It is National Month of Women’s Suffrage, a name given by the Congress in collaboration with Centennial Commission for Women’s Suffrage (WSCC) commemorating the struggle for women’s suffrage, the adoption of the 19th amendment to the US Constitution on August 26, 1920, and the continued struggle for full equality for all women. One of the key events is the unveiling of a larger-than-life, interactive photo mosaic of suffragist and civil rights activist Ida B. Wells (1862-1931) over the next week, created from thousands of historical photos of suffragists.
Titled Our story: portraits of change, The mosaic installation will be on display on the marble floor in the main hall of Union Station in Washington, DC August 24-28. The project is being carried out in collaboration with award-winning visual artist Helen Marshall from the Folk image and Christina Korp from Purpose entertainment. According to the WSCC press releaseEach picture that makes up the larger picture of Ida B. Wells tells “its own story of the struggle for women’s suffrage”. An interactive one online version The mosaic allows you to enlarge the photos and learn more about the suffragists depicted.
If you didn’t know Ida B. Wells, you should. Born into slavery In Holly Springs, Mississippi, she was an American heroine who dedicated nearly 50 years of her life to the fearless struggle for racial justice, civil rights, and women’s suffrage. In 1884 Ida was serving as a teacher in the Shelby County’s school system in Memphis forcibly removed from her place in the “ladies’ car” because she refused to go into a separate railcar. She sued the Chesapeake, Ohio and Southwestern Railway and wrote an article about what was done to her. This inspired her career as an uncompromising journalist and newspaper owner (Memphis Free Speech) who bravely used her platform to expose racial injustice, challenge segregation, and after three of them started a four-decade anti-lynch campaign, friends, enterprising grocers, were brutally murdered by a white lynch mob in 1892.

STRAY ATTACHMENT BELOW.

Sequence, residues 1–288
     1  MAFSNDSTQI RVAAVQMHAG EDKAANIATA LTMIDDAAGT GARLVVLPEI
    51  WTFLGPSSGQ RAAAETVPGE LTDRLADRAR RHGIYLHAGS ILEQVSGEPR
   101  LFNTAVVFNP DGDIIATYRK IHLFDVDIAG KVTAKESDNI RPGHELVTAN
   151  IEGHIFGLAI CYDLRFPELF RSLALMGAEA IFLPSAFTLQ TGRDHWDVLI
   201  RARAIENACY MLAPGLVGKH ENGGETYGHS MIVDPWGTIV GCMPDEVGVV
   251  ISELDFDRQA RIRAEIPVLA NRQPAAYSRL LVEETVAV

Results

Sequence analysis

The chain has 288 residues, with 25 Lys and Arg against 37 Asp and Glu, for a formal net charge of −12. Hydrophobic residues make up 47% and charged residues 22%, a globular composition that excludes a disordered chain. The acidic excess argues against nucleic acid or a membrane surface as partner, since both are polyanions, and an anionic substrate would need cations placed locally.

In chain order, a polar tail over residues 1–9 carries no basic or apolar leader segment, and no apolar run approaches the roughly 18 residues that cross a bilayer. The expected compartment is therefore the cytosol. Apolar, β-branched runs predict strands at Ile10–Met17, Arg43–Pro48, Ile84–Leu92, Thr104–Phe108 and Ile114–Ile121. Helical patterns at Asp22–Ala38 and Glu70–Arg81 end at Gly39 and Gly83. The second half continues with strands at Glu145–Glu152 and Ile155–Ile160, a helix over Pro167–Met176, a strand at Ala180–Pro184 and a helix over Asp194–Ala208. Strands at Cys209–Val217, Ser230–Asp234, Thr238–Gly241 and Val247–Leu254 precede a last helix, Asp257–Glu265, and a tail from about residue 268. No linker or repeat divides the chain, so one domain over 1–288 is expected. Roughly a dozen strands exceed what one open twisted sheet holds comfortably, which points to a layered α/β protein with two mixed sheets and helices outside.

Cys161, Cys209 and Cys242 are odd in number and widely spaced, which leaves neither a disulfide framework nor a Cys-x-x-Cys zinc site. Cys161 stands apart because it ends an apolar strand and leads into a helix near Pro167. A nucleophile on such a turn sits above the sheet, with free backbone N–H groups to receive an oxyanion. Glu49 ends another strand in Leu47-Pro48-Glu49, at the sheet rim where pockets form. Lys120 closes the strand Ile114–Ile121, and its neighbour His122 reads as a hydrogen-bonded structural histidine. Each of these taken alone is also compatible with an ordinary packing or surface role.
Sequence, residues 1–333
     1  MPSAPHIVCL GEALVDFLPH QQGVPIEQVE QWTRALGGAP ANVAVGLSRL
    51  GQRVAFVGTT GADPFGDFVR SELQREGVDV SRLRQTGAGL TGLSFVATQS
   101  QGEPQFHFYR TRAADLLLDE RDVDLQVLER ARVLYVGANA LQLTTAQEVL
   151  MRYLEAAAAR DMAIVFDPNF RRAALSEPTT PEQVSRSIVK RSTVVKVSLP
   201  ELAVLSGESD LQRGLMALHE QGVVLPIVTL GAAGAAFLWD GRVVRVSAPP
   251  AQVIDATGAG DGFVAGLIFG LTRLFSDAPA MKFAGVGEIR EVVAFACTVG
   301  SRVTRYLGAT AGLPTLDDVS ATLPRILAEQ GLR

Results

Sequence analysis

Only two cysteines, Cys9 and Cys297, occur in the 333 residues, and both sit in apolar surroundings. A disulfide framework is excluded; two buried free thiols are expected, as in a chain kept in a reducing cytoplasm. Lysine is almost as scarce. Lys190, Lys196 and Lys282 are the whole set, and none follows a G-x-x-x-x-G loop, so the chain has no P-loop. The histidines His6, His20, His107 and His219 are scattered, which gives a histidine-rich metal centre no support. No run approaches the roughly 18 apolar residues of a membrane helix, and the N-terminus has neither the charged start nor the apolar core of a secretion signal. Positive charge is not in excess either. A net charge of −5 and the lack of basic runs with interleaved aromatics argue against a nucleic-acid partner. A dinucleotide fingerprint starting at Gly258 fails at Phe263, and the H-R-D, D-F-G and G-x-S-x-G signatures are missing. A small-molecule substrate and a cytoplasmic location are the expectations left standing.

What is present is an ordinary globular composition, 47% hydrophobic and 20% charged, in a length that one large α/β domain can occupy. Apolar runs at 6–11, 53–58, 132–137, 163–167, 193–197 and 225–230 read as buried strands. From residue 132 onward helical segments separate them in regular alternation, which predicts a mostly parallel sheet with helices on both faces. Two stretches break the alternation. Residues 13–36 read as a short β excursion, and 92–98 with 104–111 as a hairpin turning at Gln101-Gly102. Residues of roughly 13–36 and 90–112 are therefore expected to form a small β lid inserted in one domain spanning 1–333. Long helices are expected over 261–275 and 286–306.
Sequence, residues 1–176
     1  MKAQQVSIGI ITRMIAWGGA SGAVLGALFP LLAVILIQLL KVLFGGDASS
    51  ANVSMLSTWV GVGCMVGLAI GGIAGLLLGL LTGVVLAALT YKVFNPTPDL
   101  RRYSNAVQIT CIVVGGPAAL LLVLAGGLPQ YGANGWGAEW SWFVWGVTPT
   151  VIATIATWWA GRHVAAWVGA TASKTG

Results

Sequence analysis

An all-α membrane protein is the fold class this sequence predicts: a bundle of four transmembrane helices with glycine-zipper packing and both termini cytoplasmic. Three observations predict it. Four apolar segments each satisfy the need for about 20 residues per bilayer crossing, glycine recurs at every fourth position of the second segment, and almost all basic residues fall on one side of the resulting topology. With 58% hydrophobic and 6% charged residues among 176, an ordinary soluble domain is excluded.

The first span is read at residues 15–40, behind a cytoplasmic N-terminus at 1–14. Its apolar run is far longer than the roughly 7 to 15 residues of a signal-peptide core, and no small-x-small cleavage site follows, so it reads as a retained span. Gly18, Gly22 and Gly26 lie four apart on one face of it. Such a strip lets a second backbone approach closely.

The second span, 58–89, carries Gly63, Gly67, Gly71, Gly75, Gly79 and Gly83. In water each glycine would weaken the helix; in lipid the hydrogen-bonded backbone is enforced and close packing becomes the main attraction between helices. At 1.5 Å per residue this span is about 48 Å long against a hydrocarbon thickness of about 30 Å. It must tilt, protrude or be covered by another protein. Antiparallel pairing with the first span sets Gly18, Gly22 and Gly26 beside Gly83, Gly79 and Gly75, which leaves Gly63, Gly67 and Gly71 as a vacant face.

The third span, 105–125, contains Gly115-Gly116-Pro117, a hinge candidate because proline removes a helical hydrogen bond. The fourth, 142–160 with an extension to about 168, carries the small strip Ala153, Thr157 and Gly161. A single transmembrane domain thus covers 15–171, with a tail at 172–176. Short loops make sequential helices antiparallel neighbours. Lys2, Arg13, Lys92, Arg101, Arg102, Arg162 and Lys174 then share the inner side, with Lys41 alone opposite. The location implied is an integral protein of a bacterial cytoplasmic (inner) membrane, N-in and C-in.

With pen and voice, Ida investigated other lynchings, wrote editorials indicting lynching in the South and calling for justice, and traveled the US and internationally speaking about the “atrocities of lynching.” Motives behindand “the government’s refusal to intervene to stop them.” In retaliation, Ida’s life was threatened and her newspaper office and printing plant were destroyed while she was out of town.
Ida could not return to Memphis and kept fighting, first in New York, for which she wrote The New York Ageand then work in Chicago on a pamphlet protesting the exclusion of African Americans from the 1893 World’s Fair. There she settled and married Ferdinand L. Barnett (she kept her then unknown surname and separated him from Wells-Barnett). In 1896, Wells founded several civil rights organizations, including the National Association of Colored Women. In 1909 she became one of the founders of the NAACP and in 1913 she became founded the Alpha Suffrage Club, that was the first black women’s election club. In 1930 Ida ran for the Illinois Senate. Wells died in Chicago in 1931 at the age of 69.
Earlier this year Ida B. Wells was posthumously named a Pulitzer Prize Winner 2020 in Special Citations and Awards “For their outstanding and courageous reporting on the terrible and vicious violence against African Americans during the lynching period.”
Union Station was used as the location for the Our story: portraits of change Photo mosaic installation for historical reasons. As the WSCC explains“As the starting point for the“ Prison Special ”campaign tour in February 1919, Union Station in Washington, DC, played an important role in the American suffrage movement. The Prison Special was a train journey organized by suffragists detained on picket lines in the White House in support of federal women’s suffrage change. In February 1919, 26 members of the National Women’s Party boarded a chartered train they referred to as “Democracy Limited” at Union Station and visited cities across the country to speak to a large crowd about their experiences as political prisoners. “
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